Monday, December 15, 2014

All Is Well

By the time the forecast windstorm arrived, its strength had been downgraded a tiny bit.  But it was still very strong when it arrived Thursday nite (aside: why do these things always happen at nite?).

For an assortment of reasons too complicated to detail here, we spent the nite at our cabin on Camano Island.  The maximum wind speed we clocked was 43 kt, but the NWS recorded 53 kt elsewhere on the island.  We lost no trees that we know of, and suffered no damage.  But the power went off at about 19:30.

But oh boy, Friday morning, when I decided to make a mad dash up to Anacortes to check on Eolian, the wind's effect was everywhere.  First, in our little neighborhood, trees had fallen across the streets in three places in the two blocks out to the main road.  But islanders, being self-reliant, had cleared them overnight.

The real problem was evident a little further along.  A tree had fallen and taken the power line with it.  Tho the road crew had cleared the worst of the tree debris, the wire was still lying in the road, with large burned spots and melted aluminum wherever it touched the road surface.  In getting off the island I passed more than another half-dozen places where trees had fallen across the road.  In each case, they had already been cleared by 08:00 - impressive!  Nevertheless, the power line crews had their hands full.  At its height, the PUD reported that some 17,000 of their customers were without power, most on Camano Island... which only has 22,000 residents.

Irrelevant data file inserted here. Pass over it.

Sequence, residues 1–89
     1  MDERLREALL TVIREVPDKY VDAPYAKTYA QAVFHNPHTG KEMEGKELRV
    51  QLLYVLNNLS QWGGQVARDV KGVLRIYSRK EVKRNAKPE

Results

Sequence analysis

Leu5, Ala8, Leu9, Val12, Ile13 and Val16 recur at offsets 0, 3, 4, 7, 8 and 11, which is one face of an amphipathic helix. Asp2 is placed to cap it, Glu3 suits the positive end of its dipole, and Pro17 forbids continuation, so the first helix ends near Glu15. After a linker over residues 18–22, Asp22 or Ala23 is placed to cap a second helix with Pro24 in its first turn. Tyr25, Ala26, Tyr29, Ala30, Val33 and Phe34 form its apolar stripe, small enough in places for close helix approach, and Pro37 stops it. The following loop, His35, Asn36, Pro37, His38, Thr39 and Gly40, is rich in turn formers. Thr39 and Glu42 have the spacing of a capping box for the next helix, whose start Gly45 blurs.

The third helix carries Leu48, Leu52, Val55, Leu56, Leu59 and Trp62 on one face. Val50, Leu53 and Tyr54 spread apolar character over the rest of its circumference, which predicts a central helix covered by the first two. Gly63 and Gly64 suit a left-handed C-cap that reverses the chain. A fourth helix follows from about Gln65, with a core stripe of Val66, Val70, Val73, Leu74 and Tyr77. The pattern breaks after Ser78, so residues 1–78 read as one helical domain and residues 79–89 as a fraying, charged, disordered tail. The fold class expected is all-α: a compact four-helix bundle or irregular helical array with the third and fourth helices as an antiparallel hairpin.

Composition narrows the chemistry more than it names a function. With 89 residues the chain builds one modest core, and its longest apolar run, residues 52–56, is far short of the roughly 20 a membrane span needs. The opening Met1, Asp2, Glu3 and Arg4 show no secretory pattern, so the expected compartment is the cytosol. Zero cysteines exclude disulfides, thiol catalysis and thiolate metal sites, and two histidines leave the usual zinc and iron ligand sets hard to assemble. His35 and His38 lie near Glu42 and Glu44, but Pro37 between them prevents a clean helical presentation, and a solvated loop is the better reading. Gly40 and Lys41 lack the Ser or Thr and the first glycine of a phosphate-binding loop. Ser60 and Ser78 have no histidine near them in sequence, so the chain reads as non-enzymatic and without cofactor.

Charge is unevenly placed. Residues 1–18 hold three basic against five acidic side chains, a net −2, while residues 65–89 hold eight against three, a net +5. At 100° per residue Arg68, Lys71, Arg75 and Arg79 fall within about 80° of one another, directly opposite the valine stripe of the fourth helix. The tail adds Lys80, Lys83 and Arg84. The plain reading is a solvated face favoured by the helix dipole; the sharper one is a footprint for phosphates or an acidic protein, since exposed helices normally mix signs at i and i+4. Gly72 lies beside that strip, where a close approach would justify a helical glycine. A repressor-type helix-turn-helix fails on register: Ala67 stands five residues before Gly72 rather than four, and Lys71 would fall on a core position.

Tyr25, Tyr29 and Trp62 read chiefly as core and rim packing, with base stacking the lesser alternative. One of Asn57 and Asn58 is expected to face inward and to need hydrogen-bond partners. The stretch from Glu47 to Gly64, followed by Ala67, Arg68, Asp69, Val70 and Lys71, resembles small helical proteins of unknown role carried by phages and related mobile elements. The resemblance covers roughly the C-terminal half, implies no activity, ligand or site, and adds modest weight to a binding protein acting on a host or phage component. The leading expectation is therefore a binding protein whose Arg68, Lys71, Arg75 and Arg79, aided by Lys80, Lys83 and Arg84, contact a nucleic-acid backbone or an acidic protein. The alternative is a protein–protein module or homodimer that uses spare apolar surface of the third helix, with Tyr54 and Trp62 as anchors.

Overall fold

I was a bundle of nerves all nite long, and so by the time I got to Anacortes I was pretty apprehensive.  But as it turned out, Eolian was fine.  The heat pump was running, keeping her at 61° inside (which was the setpoint).  The dock steps (probably 100 lb, and with a big iron grappling hook stored inside) had been blown perhaps a foot down the dock.  But the LED Christmas tree we had on the bow was still in place, undamaged. 

As you might expect, there are no wind reporting locations right at the marina, but here are the reports from some nearby locations:

Smith Island, in the east entrance to the Strait of Juan de Fuca

South end of Padilla Bay
Mid-Padilla Bay
As you can see, there's a lot of variation - not uncommon where there is significant relief in the landscape.  So the winds at the marina probably did not reach the forecast 50 kt, although it is possible that some gusts could have been that strong.

With Eolian having weathered the storm successfully, and power back on at the cabin, all is right in the world once more.  Halleluia!


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